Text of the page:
You can add any or all of this extra information to your ads at no extra cost. Yes, free! AdWords only charges you for each click within the ad and its extensions, up to two clicks per impression. You aren’t charged for clicks on review extensions.
So, aside from reviews, you could pay that CPC twice for your add, if for instance you have the commonly used sitelinks active:
1 click on the headline + 1 click on a sitelink = 2*(CPC)!
How’s that no extra cost?
Too bad: the new and improved sitelinks seemed like a win when they came out, what with the flexibility to be placed in unique combos on each ad group within a campaign, etc. Seemed like a no-brainer to add these to all ad groups & campaigns – but perhaps as the saying goes: no good deed goes unpunished!
Now I’m curious as to how these potential 2nd clicks impact CTR (click-through rate) reporting…
Ever needed target US-based services and sites for related searches that occur in foreign countries, but come up against a language barrier? As in: how can I write ads in this language, let alone provide a landing page in it? And do I even want to? Recently, I was asked to do just that by a client who had one particular country in mind for geotargeting with AdWords. Looking through analytics for our regular US-based, English-speaking campaigns, I’d nonetheless been finding a number of visits from several other countries – visits that piqued my interest with low bounce rates and above average time on page and pageviews – so I decided to target these as well. I decided to try an experiment: since the site content is in English, and the content is US-related, I’d test foreign geotargeted serving ads in English – to see how these stacked up to our regular campaigns.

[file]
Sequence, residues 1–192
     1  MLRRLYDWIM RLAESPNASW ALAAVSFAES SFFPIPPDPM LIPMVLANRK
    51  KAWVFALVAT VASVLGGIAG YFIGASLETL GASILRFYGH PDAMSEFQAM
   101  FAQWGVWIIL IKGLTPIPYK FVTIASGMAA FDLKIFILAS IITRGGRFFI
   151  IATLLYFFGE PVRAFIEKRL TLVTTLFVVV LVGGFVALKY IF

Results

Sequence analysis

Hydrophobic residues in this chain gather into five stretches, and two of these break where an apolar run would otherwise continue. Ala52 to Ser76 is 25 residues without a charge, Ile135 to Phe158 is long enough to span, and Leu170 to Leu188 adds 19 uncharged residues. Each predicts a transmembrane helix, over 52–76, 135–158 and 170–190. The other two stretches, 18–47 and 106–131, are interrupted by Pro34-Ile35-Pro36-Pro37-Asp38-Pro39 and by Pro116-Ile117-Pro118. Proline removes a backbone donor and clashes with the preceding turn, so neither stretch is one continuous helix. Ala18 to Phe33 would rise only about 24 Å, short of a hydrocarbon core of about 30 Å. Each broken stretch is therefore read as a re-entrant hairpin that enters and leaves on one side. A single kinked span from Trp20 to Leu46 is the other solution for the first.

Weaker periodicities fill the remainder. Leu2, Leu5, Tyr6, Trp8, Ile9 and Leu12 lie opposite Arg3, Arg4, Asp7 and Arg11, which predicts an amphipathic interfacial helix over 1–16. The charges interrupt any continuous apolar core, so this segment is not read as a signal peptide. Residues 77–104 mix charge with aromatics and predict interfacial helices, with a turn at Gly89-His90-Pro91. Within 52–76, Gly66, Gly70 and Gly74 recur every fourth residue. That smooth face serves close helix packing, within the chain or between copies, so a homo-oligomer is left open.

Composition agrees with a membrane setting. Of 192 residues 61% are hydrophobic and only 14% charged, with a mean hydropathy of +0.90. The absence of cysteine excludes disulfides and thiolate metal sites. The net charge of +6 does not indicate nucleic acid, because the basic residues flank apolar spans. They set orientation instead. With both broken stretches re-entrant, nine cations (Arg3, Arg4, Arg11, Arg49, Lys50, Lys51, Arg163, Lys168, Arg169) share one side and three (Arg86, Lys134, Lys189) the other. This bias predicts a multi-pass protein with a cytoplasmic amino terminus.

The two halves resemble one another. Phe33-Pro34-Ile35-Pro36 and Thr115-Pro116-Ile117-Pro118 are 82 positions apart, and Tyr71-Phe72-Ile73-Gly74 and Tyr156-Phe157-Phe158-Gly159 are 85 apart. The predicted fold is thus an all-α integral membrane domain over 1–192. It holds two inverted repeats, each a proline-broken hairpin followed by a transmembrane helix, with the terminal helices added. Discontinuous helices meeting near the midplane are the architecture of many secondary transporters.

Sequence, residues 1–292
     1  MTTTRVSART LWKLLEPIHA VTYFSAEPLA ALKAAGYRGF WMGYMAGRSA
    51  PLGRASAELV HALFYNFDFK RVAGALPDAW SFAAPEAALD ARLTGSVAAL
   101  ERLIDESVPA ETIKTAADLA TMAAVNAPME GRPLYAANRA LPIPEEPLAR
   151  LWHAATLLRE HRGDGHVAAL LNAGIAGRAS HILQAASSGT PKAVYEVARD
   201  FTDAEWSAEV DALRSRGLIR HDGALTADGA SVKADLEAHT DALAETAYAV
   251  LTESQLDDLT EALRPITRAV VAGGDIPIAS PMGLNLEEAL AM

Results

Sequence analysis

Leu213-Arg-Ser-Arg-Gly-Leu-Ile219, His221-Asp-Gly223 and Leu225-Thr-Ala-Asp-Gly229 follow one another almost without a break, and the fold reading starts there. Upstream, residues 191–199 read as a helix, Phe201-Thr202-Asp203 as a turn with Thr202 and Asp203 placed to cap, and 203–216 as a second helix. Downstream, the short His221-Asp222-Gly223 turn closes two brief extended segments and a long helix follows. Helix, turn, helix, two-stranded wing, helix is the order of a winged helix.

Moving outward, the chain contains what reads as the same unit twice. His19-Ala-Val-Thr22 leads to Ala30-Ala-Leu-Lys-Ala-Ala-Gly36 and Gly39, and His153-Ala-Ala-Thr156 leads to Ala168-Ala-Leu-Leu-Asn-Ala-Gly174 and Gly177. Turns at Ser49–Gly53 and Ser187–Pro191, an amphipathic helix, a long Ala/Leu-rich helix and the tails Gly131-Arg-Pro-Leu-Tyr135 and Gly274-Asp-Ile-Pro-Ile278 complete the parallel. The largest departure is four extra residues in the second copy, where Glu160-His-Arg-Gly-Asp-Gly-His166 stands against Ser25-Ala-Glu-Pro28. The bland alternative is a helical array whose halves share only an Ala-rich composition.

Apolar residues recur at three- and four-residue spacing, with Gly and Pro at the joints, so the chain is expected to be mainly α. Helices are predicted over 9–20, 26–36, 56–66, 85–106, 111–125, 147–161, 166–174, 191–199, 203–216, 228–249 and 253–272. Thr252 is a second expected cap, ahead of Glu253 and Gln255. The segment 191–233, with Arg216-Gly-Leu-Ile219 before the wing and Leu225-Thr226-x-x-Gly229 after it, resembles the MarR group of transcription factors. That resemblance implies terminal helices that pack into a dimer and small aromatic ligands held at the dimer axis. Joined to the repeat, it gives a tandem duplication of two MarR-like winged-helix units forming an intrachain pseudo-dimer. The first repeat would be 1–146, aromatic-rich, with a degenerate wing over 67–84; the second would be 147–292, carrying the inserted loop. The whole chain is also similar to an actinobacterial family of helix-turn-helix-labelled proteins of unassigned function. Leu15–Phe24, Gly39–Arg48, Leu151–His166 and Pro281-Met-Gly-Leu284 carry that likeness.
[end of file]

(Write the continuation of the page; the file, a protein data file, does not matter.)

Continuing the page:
For these campaigns, I set up a mirror image of some of the top-performing Ad Groups under a new “Foreign” campaign, and then took a moment to exclude the new target areas from the existing US-based campaign (under campaign Settings), and then setting that to US and EN language only. Based on analytics data, I used a mix of targeting criteria including Regions, Countries, and Cities to target the hightest-traffic, best performing areas. There’s no need to exclude the US from this new campaign – only the specified geotargeting is included. Because I can’t write ads in the foreign languages in question, and because the site itself is only in English, I again only targeted English for this new Foreign campaign, switching from the default All Languages setting